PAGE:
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Data breaches 2021 in Australia

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Lastpass – December 2021

Ubisoft – December 2021

Huawei – December 2021

Victoria Police – December 2021

Finite Recruitment – December 2021

SA Government – December 2021

Gravatar – December 2021

Panasonic – November 2021

ACT Government – November 2021

Tabcorp – November 2021

Australia’s Copyright Agency – November 2021

GoDaddy – November 2021

South Australian Ambulance Service – November 2021

Sunwater – November 2021

mySA Gov – November 2021

Twitch – October 2021

AI Dungeon – September 2021

Accenture – August 2021

FIFA21 – August 2021

Optus – 2019 Update

SafeWA – August 2021

Melbourne City Mission and the Department of Health and Human Services – 2017 Update

Uber – 2016 Update

NSW Department of Education – July 2021

Tasmanian State Growth – July 2021

LimeVPN – July 2021

Morningstar – June 2021

LinkedIn – June 2021

Carnival Cruises – June 2021

Uniting Communities – June 2021

Ray White – June 2021

NSW Health – June 2021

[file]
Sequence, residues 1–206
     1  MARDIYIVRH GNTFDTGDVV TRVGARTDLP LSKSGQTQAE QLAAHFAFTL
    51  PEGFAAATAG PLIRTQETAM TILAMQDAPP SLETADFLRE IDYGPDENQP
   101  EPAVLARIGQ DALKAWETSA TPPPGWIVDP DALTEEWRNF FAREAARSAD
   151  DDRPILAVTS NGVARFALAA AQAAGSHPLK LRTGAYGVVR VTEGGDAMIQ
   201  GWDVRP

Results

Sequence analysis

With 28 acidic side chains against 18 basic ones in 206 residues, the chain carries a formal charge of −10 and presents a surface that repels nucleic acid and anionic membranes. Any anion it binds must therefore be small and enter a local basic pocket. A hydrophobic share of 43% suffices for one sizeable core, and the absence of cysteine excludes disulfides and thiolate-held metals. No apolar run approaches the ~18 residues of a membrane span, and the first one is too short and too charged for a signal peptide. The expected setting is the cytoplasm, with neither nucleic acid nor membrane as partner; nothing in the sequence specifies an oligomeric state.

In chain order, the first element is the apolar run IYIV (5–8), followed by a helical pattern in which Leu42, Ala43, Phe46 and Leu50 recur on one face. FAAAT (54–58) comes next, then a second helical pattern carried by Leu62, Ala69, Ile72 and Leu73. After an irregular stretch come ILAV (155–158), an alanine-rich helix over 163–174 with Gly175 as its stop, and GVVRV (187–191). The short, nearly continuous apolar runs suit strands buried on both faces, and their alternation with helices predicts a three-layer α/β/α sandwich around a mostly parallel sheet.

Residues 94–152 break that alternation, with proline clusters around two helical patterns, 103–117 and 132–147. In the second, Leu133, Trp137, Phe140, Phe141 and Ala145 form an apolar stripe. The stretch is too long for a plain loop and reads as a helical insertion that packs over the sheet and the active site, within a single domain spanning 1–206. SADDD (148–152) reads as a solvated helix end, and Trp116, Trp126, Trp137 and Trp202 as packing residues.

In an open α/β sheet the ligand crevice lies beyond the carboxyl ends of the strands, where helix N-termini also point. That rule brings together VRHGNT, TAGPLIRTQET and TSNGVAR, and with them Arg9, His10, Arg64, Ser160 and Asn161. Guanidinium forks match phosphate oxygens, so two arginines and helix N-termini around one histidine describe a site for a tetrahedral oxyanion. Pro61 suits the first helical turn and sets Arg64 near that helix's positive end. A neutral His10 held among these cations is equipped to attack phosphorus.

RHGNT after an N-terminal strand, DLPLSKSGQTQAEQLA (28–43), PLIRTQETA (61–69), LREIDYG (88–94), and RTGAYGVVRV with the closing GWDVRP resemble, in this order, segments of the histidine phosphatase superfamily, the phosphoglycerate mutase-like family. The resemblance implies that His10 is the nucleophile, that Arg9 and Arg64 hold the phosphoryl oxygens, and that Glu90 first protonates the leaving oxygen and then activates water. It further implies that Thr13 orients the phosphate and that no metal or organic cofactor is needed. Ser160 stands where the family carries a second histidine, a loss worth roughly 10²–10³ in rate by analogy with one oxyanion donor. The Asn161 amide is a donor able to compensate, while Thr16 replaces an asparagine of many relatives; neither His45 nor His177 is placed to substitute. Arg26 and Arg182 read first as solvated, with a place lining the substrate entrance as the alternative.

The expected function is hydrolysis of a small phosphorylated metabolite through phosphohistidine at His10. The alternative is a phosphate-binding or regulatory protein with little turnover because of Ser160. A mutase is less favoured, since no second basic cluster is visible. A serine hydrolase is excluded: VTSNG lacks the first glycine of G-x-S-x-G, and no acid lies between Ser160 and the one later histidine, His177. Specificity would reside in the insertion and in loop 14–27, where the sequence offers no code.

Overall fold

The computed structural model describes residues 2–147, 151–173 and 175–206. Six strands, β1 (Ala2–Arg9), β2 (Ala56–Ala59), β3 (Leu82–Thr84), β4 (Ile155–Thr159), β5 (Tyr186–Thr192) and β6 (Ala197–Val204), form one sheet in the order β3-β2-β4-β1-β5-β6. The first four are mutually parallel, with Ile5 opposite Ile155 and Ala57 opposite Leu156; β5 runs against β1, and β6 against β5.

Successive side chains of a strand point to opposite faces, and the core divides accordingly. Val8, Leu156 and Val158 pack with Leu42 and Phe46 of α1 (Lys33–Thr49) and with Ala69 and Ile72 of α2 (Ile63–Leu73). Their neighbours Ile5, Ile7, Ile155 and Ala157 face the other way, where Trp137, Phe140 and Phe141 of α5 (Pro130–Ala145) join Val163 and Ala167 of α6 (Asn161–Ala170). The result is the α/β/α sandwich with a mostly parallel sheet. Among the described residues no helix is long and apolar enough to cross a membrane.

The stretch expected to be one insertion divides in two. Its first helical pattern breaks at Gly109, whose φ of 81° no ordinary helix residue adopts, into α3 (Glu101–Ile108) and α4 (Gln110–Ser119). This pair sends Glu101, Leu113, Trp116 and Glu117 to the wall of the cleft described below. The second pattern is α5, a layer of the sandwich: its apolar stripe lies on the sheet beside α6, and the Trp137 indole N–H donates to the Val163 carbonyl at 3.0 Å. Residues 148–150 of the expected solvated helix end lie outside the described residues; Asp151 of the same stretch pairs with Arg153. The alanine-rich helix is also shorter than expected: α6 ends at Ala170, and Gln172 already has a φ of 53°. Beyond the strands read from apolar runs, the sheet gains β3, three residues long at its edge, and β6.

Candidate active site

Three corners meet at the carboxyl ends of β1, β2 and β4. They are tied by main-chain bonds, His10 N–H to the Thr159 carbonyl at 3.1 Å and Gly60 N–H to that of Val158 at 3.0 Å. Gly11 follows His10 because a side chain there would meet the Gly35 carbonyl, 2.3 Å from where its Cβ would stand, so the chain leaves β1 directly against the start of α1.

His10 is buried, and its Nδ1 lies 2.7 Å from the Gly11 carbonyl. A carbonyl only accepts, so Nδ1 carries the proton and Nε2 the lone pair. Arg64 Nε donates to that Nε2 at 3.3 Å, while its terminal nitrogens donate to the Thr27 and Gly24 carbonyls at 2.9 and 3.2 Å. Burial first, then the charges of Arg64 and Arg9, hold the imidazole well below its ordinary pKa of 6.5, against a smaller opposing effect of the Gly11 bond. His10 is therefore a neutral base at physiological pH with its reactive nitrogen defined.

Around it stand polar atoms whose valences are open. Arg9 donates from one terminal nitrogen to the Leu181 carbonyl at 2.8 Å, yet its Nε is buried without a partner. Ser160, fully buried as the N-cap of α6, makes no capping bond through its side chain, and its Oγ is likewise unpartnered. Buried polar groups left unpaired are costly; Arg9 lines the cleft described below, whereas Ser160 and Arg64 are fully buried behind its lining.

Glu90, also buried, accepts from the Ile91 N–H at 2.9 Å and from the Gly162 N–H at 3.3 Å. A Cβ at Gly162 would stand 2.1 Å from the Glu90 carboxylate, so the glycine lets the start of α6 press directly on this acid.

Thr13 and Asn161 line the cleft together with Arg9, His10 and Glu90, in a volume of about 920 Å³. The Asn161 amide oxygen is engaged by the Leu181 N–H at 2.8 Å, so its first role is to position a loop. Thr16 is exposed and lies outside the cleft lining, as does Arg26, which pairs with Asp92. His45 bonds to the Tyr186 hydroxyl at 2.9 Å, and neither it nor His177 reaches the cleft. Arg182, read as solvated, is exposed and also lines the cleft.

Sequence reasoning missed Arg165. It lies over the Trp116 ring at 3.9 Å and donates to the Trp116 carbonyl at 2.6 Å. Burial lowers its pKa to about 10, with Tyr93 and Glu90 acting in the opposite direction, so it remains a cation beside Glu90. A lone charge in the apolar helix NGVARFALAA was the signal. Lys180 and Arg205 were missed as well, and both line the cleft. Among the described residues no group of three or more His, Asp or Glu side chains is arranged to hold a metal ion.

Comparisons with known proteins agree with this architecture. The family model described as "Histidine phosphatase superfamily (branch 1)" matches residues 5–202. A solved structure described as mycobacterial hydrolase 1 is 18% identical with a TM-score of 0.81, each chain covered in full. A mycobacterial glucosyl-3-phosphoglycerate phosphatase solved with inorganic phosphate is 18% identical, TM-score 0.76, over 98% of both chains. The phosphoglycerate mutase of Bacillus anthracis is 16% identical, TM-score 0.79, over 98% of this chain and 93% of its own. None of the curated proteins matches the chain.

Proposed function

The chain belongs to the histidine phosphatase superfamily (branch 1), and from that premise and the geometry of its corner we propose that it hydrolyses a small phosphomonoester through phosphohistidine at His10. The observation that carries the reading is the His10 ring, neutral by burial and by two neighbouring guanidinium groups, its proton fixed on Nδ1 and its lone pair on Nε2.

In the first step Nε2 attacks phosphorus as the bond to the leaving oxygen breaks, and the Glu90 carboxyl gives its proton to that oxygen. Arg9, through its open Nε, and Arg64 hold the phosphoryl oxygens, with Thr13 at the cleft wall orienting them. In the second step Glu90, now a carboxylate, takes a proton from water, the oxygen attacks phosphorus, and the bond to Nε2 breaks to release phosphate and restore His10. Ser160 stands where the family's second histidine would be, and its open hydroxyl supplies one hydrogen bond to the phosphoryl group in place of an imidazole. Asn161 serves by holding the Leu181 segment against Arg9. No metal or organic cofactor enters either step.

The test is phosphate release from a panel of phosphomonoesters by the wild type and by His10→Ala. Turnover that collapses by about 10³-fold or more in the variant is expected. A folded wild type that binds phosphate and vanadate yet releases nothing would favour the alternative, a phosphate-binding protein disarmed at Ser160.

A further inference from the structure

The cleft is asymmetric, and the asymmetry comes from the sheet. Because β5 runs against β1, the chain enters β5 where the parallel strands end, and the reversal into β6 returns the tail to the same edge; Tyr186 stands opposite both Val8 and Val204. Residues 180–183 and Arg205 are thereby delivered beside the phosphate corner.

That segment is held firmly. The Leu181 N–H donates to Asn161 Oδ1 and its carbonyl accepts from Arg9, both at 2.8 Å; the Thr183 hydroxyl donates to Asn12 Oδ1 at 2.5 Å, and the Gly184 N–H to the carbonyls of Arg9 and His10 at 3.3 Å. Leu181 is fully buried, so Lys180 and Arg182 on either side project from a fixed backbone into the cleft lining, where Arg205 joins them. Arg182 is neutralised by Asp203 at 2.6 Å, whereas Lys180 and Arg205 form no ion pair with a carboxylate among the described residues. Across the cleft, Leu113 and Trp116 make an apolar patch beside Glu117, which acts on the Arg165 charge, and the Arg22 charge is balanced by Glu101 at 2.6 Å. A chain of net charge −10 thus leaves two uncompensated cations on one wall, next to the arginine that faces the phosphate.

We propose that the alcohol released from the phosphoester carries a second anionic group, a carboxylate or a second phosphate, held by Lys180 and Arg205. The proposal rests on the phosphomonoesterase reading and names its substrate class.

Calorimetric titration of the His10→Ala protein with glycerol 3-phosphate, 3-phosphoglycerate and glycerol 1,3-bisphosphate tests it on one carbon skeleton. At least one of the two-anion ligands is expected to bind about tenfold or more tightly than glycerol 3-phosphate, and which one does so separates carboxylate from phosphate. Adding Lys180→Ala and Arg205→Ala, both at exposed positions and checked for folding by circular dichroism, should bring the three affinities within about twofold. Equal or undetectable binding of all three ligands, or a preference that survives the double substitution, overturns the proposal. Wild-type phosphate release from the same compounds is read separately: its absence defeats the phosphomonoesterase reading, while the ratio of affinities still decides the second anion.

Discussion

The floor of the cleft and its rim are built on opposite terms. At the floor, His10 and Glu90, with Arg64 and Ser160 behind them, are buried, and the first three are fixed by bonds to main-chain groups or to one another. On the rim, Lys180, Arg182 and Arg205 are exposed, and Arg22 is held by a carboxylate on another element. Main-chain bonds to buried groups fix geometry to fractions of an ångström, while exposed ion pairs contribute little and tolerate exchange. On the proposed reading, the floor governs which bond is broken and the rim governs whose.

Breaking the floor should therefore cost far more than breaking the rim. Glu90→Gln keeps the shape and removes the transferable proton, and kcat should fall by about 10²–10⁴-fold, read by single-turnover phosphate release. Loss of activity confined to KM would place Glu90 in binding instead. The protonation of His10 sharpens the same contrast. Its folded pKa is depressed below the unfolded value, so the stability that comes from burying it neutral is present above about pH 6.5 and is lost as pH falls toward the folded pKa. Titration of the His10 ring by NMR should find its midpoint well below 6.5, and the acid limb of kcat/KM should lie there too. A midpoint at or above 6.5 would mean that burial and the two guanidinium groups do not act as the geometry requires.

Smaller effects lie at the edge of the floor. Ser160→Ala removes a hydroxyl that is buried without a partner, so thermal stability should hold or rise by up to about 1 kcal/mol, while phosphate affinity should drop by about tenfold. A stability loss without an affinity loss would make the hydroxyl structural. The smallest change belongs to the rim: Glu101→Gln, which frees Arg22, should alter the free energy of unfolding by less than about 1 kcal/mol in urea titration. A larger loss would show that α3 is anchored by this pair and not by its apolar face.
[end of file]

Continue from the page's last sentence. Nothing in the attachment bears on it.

Air India – May 2021

TPG – May 2021

NAB 2019 – April 2021

UnitingCare Queensland – April 2021

Swinburne University – April 2021

Ubiquiti – April 2021

Shanghai Security Database – April 2021

Facebook – April 2021

Eastern Health – March 2021

WA Parliamentary Email Network – March 2021

Microsoft – March 2021

SITA – March 2021

Minister’s Private Email Accounts – February 2021

Transport for NSW – February 2021

SingTel – February 2021

Accellion – February 2021

NT Health – February 2021

QIMR Berghofer Medical Research Institute – February 2021

Service NSW – 2020 Update

Oxfam – February 2021

ASIC – January 2021

Tasmanian Ambulance – January 2021

Data Breaches 2021

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Ubiquiti Inc.

January 11, 2021: One of the biggest Internet of Things (IoT) technology vendors, Ubiquiti, Inc., alerted its customers of a data breach caused by unauthorized access to their database through a third-party cloud provider. The email communication advised customers to change passwords and enable multi-factor authentication. The data exposed may include an undisclosed number of customer names, email addresses, hashed and salted passwords, addresses and phone numbers.

SOURCE | TechCrunch

Parler

January 11, 2021: News of the conservative social media app, Parler, having its data scraped by a hacker came to light after Amazon Web Services removed the platform from its servers. The 70TB of leaked information includes 99.9% of posts, messages, and video data containing EXIF data — metadata of date, time and location. Parler’s Verified Citizens, or users who had verified their identity by uploading their driver’s license or other government-issued photo ID, were also exposed.